An Energy Horror Trilogy

Hollywood brought us epic trilogies through the years: Star Wars, The Godfather, Lord of the Rings, and Clint Eastwood’s the-man-with-no-name trio of westerns (A Fistful of Dollars, For a Few Dollars More, and The Good the Bad and the Ugly), to name the best. Who doesn’t love debating which of the three films of these masterpieces is best (excluding Godfather III, of course)?

In the genre of horror, the most frightening modern trilogy does not come from Hollywood but is brought to us by politicians, environmentalists, and bureaucrats. Unfortunately, the stories are real, not fiction.

There are a trio of real-world energy disasters. The calamities and victims are the result of consciously embracing ill-advised policies pursued in the name of saving the planet.

Yet the true intentions of these policies are to impose environmental fundamentalism over the free market. The winners are subsidy-seekers feeding at the public trough. The losers are the innovators and anyone who uses energy (which is everyone).

Channeling Siskel and Ebert, let’s provide a critical review of each installment of this trilogy.

Part One: California’s Grid Goes From First-Rate to Third-World

The first installment of the trio has been under development the longest. California bureaucrats and politicians have prided themselves on being at the fore of environmental extremism for decades. Much attention concentrates on developing nonsensical policies to address climate change alarmism, despite everyone knowing the policies will have little impact on climate.

The Golden State’s power grid has suffered the most under this approach. California’s grid used to consist of a resilient portfolio of in-state nuclear, coal, natural gas, oil, wind, and solar generation sources as well as a similarly diversified portfolio of out of state suppliers. The bulk of the transportation fleet ran off gasoline. The state’s energy infrastructure was the resilient backbone that a powerful economy rested upon.

Once the Left assumed power in the Sacramento legislature, urban areas, and the governor’s mansion, the resilient grid and energy infrastructure built on sound science and engineering began to devolve via policy and edict.

The California Public Utility Commission (PUC) was stacked with those more interested in green virtue signaling than the nuts and bolts of maintaining a reliable grid. The PUC president’s bio focuses on prior achievements of “green government,” renewable energy promotion, and social responsibility. The bios of the other four commissioners of the PUC tout environmental justice, decarbonization, sustainable communities, and environmental equity.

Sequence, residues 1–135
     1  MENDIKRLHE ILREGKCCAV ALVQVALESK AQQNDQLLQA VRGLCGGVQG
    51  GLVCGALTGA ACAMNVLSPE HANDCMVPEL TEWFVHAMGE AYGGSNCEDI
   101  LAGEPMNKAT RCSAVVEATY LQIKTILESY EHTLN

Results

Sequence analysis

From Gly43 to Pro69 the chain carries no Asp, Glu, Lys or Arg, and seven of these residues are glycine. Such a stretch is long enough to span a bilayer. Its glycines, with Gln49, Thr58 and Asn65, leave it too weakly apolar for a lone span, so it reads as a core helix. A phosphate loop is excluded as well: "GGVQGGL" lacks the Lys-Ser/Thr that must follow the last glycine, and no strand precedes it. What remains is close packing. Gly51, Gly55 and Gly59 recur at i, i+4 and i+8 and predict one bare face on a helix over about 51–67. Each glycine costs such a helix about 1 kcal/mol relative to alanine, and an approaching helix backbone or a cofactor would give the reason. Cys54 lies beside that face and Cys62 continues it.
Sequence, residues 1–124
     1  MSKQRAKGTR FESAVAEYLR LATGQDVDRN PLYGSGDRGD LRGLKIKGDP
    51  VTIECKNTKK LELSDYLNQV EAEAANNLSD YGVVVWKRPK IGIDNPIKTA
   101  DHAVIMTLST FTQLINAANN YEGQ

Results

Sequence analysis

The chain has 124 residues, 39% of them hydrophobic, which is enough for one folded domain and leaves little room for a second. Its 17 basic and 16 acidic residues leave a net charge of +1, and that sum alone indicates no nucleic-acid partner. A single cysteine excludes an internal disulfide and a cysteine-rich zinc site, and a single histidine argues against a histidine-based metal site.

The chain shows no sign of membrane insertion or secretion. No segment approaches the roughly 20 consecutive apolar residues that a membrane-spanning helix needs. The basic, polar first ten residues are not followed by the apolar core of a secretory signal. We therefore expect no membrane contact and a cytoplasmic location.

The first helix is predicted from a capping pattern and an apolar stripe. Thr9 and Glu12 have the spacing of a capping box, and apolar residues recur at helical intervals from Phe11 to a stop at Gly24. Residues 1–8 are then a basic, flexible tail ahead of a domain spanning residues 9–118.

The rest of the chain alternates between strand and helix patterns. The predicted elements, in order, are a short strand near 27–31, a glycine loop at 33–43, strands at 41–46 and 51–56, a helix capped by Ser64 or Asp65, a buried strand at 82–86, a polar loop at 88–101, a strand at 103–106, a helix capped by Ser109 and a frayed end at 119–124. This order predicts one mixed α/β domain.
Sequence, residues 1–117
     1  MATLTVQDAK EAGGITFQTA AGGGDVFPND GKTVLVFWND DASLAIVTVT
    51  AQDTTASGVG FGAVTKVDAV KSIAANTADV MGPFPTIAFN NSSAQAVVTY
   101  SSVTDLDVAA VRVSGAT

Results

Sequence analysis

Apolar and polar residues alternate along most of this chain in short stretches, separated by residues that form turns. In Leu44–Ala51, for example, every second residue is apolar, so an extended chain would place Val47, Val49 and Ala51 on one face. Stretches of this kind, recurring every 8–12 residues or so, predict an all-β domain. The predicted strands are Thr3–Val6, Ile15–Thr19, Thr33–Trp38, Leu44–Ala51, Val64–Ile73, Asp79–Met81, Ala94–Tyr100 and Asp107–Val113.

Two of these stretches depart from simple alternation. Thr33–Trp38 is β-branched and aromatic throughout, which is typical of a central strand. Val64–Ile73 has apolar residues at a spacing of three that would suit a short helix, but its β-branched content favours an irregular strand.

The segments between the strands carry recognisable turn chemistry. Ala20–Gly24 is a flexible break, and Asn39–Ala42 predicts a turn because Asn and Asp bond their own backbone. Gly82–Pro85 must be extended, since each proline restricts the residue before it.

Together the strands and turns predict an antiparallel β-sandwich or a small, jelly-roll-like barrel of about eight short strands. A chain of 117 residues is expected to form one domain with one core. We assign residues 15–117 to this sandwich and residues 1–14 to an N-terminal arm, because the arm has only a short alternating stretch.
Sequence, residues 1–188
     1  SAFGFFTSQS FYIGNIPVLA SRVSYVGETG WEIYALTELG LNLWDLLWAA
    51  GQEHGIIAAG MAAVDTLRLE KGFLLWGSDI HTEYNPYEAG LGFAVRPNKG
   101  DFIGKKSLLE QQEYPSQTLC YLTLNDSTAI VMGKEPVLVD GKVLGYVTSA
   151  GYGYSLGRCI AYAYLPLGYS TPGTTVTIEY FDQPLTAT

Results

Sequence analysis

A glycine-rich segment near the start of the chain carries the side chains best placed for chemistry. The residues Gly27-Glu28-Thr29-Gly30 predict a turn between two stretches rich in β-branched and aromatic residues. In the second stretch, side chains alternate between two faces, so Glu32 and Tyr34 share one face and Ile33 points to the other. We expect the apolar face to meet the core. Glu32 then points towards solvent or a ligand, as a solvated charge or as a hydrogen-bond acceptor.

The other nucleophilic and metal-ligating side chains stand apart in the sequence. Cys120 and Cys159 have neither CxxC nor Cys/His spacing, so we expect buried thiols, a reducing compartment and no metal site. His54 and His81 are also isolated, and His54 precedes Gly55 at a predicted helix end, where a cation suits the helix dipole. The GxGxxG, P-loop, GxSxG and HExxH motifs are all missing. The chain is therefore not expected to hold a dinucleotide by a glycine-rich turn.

These bios of the California PUC commissioners expose the ineptitude of California’s political leadership, starting with Governor Newsom. That’s because the politically-appointed PUC presided over the worst utility debacle in the nation’s history: the epic fail of Pacific Gas and Electric (PG&E). The PUC’s leadership then, like now, obsessed on the optics instead of the fundamentals. That led to tragedy and an ongoing crisis that has no end in sight.

For years, the California utility enjoyed its focus on optics and racked up accolades from self-proclaimed experts. The utility was designated as an ESG outperformer and ranked as the top utility in responsibility. The company boasted that over a third of its power came from renewables, which helped deliver a string of best-possible governance ratings from experts. PG&E had all the impressive, yet hollow, optics a utility could hope for to curry favor with the politically-correct.

But PG&E was a severely dysfunctional organization in the arenas of governance, safety performance, and environmental stewardship. The utility’s rap sheet over the past twenty years includes convictions for over 700 misdemeanors that took the court clerk over an hour to read aloud (1997) and felony convictions stemming from misleading regulators and the public about the state of a gas pipeline that ruptured and killed eight people (2010).